Grant Funds Dressler’s Study of Disparity between Participation of Blacks and Whites in PGx Research
Lynn Dressler, DrPH, has received a grant of approximately $15,000 to examine the attitudes and experiences of different ethnic groups towards the genomic-research component of cancer clinical trials.
In a previous NCI sponsored study involving more than 8,000 cancer patients, African American patients were significantly less likely to participate in the pharmacogenomic portion of a cancer clinical trial compared to Caucasians. The African American patients were already participating in the cancer clinical research trial but did not participate in the component that required blood to be contributed in order to study inherited responses to cancer treatment.
“The new funding will help us begin to understand why this disparity exists, focusing on cancer patients in North Carolina,” Dressler says. “If ethnic minorities are not involved in these studies now, future genome-directed therapy and tests will not address their specific needs.”
Dressler is the associate director for policy and ethics of the School’s Institute for Pharmacogenomics and Individualized Therapy and an assistant professor in the Division of Pharmaceutical Outcomes and Policy. The $14,897 grant, titled “Participation in Cancer Genomic Research: Perspectives and Experiences of Cancer Patients” comes from the UNC Odum Institute for Social Science Research, part of the College of Arts and Sciences at the University of North Carolina at Chapel Hill.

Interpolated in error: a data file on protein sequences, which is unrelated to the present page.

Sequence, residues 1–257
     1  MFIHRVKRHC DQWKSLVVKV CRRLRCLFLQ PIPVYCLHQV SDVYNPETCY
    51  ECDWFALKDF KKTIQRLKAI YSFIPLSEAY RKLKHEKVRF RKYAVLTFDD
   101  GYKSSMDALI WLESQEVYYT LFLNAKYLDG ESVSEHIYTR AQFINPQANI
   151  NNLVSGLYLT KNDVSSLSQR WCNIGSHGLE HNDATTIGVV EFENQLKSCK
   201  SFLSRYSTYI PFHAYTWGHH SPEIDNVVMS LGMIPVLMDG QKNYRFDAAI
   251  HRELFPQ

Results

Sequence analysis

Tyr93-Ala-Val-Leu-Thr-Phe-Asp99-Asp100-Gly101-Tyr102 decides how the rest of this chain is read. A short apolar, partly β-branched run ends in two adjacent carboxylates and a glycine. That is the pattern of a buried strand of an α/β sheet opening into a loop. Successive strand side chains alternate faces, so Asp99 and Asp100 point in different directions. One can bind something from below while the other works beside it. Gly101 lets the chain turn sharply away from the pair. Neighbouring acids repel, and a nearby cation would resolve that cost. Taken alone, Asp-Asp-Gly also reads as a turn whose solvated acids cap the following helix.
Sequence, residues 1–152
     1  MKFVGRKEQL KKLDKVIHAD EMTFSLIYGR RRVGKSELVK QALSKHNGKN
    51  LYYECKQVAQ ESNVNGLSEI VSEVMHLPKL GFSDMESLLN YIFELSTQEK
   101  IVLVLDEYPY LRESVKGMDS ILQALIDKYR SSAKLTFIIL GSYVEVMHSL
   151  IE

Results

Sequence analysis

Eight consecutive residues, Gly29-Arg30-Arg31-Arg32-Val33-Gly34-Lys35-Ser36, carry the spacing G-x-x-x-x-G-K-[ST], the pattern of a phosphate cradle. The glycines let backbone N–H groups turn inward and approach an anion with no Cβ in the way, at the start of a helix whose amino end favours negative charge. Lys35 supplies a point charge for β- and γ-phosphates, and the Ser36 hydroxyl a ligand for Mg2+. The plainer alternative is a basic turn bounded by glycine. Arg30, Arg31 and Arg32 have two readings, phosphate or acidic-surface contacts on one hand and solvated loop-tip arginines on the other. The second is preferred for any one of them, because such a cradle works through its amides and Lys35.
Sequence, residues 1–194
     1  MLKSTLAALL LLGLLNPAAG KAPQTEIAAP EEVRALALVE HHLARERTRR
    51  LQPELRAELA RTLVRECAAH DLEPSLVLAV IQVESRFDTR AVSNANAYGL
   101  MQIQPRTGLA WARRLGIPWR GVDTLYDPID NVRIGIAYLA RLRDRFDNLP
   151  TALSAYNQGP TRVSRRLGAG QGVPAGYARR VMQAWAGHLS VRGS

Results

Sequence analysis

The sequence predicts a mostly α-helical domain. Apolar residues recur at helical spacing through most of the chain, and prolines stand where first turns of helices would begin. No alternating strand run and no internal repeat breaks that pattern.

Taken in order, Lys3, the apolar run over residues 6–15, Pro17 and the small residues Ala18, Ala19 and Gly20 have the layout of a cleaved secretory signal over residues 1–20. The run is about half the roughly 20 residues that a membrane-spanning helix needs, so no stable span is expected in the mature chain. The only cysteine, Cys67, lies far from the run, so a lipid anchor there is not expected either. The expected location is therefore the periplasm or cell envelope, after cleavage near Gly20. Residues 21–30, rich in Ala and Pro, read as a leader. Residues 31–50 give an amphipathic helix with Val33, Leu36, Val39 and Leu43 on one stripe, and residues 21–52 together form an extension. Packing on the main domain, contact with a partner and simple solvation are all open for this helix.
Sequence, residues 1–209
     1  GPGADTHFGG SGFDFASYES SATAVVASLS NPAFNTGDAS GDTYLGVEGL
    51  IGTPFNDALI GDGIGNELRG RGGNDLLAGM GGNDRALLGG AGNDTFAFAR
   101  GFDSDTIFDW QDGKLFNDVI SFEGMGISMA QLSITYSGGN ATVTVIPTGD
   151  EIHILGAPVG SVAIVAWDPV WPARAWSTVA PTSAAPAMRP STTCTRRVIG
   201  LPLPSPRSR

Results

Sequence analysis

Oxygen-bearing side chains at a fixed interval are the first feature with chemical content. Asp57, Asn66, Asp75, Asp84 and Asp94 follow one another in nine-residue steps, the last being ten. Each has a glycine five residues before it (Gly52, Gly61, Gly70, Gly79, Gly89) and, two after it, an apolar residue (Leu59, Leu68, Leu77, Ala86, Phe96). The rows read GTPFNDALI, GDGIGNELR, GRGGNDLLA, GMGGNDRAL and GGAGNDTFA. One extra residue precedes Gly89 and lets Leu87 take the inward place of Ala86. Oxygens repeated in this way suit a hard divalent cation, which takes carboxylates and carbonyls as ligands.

The proposed study will conduct focus groups with African American cancer patients in North Carolina who are participating in NCI-sponsored clinical trials with a pharmacogenomics component.
Collaborating on the grant with Dressler are Fatimah Jackson, a professor in the UNC Departments of Anthropology and African American Studies; Paul Godley, MD, PhD, MPP, a professor in the UNC School of Medicine and director of the UNC Program on Ethnicity, Culture, and Health Outcomes; and William Carpenter, PhD, an assistant professor in the UNC Gillings School of Global Public Health and director of UNC’s Integrated Cancer Information and Surveillance System.